These advances were backed up by an energetic programme of fortification, with burhs (fortified towns) built in places such as Bridgnorth, Runcorn, Chester and Manchester.
But while she called herself a “lady”, outsiders, especially the Welsh and Irish, saw Æthelflæd as a “queen” and she surely wasn’t just her husband’s subservient wife. As Alfred the Great’s daughter, the role Mercia and the Mercians would play in the kingdom of the Anglo-Saxons was at stake.
A potent widow
But Æthelflæd really came into her own following her husband’s death in 911, although it seems that he had been in poor health for the best part of the previous decade. The Mercian Register in the Anglo-Saxon Chronicle, certainly celebrates her deeds from 910 onwards.
In 915, she successfully campaigned against the Welsh and the major Welsh kings, and in England she began further to expand her kingdom. In 917-8, her army took control of Viking-occupied Derby and Leicester, and just before her death, the “people of York” – that is, the Scandinavian lords of southern Northumbria – also agreed to submit to her.
For a brief moment, she had authority not just over her own territory in Mercia, but over the Welsh, the Scandinavian East Midlands and possibly part of Northumbria, making her perhaps one of the three most important rulers in mainland Britain – the others being her brother Edward king of the Anglo-Saxons and Constantin II macAeda, King of the Scots.
This made her a major political actor in her own right, but also a respected and feared figure. Even more remarkably, she passed her authority on to her daughter, Ælfwynn, who was around 30 when her mother died. The rule of Ælfwynn in Mercia, which attracts virtually no comment at all from historians, lasted about six months before her uncle Edward launched a coup d’état, deprived her of all authority and took her into Wessex.
Æthelflæd’s legacy is enigmatic, wrapped up in the “making of England”. But she was a ruler of consequence in an era defined by male authority. Indeed, her project to rebuild the kingdom of Mercia and the Mercians might have placed midland England at the heart of later history.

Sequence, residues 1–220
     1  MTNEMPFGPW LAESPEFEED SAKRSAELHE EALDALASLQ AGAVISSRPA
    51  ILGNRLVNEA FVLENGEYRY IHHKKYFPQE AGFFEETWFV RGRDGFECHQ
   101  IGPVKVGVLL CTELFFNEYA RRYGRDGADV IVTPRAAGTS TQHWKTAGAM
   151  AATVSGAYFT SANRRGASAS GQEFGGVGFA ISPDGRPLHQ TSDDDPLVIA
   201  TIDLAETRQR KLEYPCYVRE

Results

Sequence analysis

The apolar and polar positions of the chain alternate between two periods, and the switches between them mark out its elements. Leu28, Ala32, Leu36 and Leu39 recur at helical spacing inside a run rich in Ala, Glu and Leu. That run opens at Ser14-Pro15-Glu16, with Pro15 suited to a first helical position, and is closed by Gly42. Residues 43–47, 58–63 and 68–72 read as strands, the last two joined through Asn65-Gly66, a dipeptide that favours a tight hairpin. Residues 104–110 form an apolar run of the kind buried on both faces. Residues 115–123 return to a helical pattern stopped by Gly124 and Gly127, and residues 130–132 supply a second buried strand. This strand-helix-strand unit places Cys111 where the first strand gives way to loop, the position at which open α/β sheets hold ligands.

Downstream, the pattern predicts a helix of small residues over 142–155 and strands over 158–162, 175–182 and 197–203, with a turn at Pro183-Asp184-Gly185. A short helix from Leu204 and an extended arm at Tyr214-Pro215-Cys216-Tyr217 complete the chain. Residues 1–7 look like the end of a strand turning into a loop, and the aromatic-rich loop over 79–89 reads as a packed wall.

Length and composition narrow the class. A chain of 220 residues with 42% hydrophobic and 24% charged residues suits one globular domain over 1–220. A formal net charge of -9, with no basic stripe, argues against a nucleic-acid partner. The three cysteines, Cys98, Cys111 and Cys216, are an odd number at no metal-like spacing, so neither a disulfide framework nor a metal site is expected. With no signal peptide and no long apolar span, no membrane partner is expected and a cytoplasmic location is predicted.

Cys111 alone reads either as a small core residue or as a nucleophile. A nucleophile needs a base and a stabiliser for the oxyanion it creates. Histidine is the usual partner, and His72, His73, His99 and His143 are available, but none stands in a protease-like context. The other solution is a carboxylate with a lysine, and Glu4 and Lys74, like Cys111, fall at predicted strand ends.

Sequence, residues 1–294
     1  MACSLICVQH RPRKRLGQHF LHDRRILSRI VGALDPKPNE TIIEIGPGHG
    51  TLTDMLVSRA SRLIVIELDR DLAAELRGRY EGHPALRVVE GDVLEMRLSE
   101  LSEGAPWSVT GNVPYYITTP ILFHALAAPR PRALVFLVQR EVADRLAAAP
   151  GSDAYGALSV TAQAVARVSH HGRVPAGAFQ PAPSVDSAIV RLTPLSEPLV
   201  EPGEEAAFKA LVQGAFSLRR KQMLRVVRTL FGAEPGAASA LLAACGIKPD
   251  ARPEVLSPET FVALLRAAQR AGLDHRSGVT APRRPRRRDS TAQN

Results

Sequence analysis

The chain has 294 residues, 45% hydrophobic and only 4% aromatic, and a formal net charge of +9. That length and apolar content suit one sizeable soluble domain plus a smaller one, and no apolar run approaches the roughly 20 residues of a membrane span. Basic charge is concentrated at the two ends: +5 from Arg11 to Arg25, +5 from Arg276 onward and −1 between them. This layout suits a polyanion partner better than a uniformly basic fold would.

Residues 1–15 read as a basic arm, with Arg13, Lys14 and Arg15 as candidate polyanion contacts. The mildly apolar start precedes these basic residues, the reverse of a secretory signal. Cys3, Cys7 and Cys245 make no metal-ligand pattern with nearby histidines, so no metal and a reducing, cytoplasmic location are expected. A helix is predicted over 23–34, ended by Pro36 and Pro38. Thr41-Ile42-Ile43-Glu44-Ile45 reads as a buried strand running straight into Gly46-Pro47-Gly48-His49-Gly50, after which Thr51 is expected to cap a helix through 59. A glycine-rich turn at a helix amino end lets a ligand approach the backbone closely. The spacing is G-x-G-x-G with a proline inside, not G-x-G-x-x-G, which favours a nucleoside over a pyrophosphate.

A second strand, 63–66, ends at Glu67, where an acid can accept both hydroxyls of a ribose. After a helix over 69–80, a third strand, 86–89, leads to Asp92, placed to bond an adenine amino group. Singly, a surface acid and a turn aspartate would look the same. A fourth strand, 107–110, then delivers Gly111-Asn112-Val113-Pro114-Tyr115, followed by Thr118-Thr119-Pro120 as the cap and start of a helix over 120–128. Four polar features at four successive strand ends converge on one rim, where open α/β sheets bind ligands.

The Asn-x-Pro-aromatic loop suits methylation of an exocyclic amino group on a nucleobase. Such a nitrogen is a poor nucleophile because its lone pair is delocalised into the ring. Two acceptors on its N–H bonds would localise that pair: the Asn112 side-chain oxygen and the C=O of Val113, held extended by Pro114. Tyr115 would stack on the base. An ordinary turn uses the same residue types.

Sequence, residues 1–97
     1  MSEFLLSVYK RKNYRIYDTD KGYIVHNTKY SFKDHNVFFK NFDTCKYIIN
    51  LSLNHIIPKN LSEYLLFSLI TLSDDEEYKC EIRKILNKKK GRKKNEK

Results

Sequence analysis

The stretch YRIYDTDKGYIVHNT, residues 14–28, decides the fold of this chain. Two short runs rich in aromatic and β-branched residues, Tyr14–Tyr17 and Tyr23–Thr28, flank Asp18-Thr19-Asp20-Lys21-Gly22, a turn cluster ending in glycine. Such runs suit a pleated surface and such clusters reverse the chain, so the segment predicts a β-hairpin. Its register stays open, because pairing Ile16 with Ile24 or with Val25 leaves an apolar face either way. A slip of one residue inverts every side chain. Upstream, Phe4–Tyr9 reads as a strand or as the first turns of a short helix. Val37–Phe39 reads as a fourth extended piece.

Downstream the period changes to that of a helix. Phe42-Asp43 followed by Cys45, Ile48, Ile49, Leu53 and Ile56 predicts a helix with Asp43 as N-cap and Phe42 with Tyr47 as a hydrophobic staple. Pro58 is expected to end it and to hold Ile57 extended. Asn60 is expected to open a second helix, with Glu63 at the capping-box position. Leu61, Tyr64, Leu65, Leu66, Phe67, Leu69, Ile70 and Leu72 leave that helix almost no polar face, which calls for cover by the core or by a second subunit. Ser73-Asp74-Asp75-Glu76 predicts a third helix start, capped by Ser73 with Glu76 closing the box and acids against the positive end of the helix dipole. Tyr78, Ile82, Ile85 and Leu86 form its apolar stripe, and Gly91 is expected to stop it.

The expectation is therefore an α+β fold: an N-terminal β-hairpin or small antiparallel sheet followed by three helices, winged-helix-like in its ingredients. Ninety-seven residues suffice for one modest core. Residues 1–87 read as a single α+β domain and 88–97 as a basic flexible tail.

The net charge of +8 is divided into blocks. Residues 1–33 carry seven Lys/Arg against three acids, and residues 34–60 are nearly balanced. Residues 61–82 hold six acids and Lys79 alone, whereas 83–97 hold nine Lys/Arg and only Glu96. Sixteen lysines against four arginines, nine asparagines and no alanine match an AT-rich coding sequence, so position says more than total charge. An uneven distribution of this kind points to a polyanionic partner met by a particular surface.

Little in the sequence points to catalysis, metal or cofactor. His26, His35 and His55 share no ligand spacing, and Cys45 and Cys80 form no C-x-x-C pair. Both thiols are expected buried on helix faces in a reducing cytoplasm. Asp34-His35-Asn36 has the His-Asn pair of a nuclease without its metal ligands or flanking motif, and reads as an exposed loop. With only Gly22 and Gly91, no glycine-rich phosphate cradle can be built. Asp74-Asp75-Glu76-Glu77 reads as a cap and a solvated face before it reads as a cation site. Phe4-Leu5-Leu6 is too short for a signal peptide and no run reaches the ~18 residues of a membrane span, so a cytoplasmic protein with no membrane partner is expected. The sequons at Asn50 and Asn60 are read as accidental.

Philip Morgan, Senior Lecturer, Keele University; Andrew Sargent, Lecturer in Medieval History, Keele University; Charles Insley, Senior lecturer, University of Manchester, and Morn Capper, Lecturer in Archaeological Heritage, University of Chester
Last month, priceless botanical specimens were destroyed after an apparent miscommunication between scientists and Australian customs officials.
Although unfortunate, the incident has focused attention on the importance of being able to share scientific specimens around the world, and the vital role that herbaria play in modern science.
Despite being sometimes described as “museums for plants”, herbaria aren’t just natural history storage and displays. In this era of DNA barcoding, big data, biosecurity threats, bio-prospecting, and global information sharing, herbaria are complex and evolving institutions.
The modern herbarium is steeped in tradition and full of antiquities, but it also leads the application of modern approaches to understanding our past, present and future natural world.
The power of 8 million specimens
If you tell someone that you work at a herbarium, most will ask “what’s that?”, or perhaps “oh, what kind of herbs do you grow there?”.
Conventionally, a herbarium is a collection of preserved plant specimens that are stored and managed in an organised and structured way by curators and botanists who specialise in plant taxonomy and systematics.
There are some 3,000 active herbaria worldwide. As a collective, they contain more than 380 million specimens, spanning collections dating back as far as 500 years ago.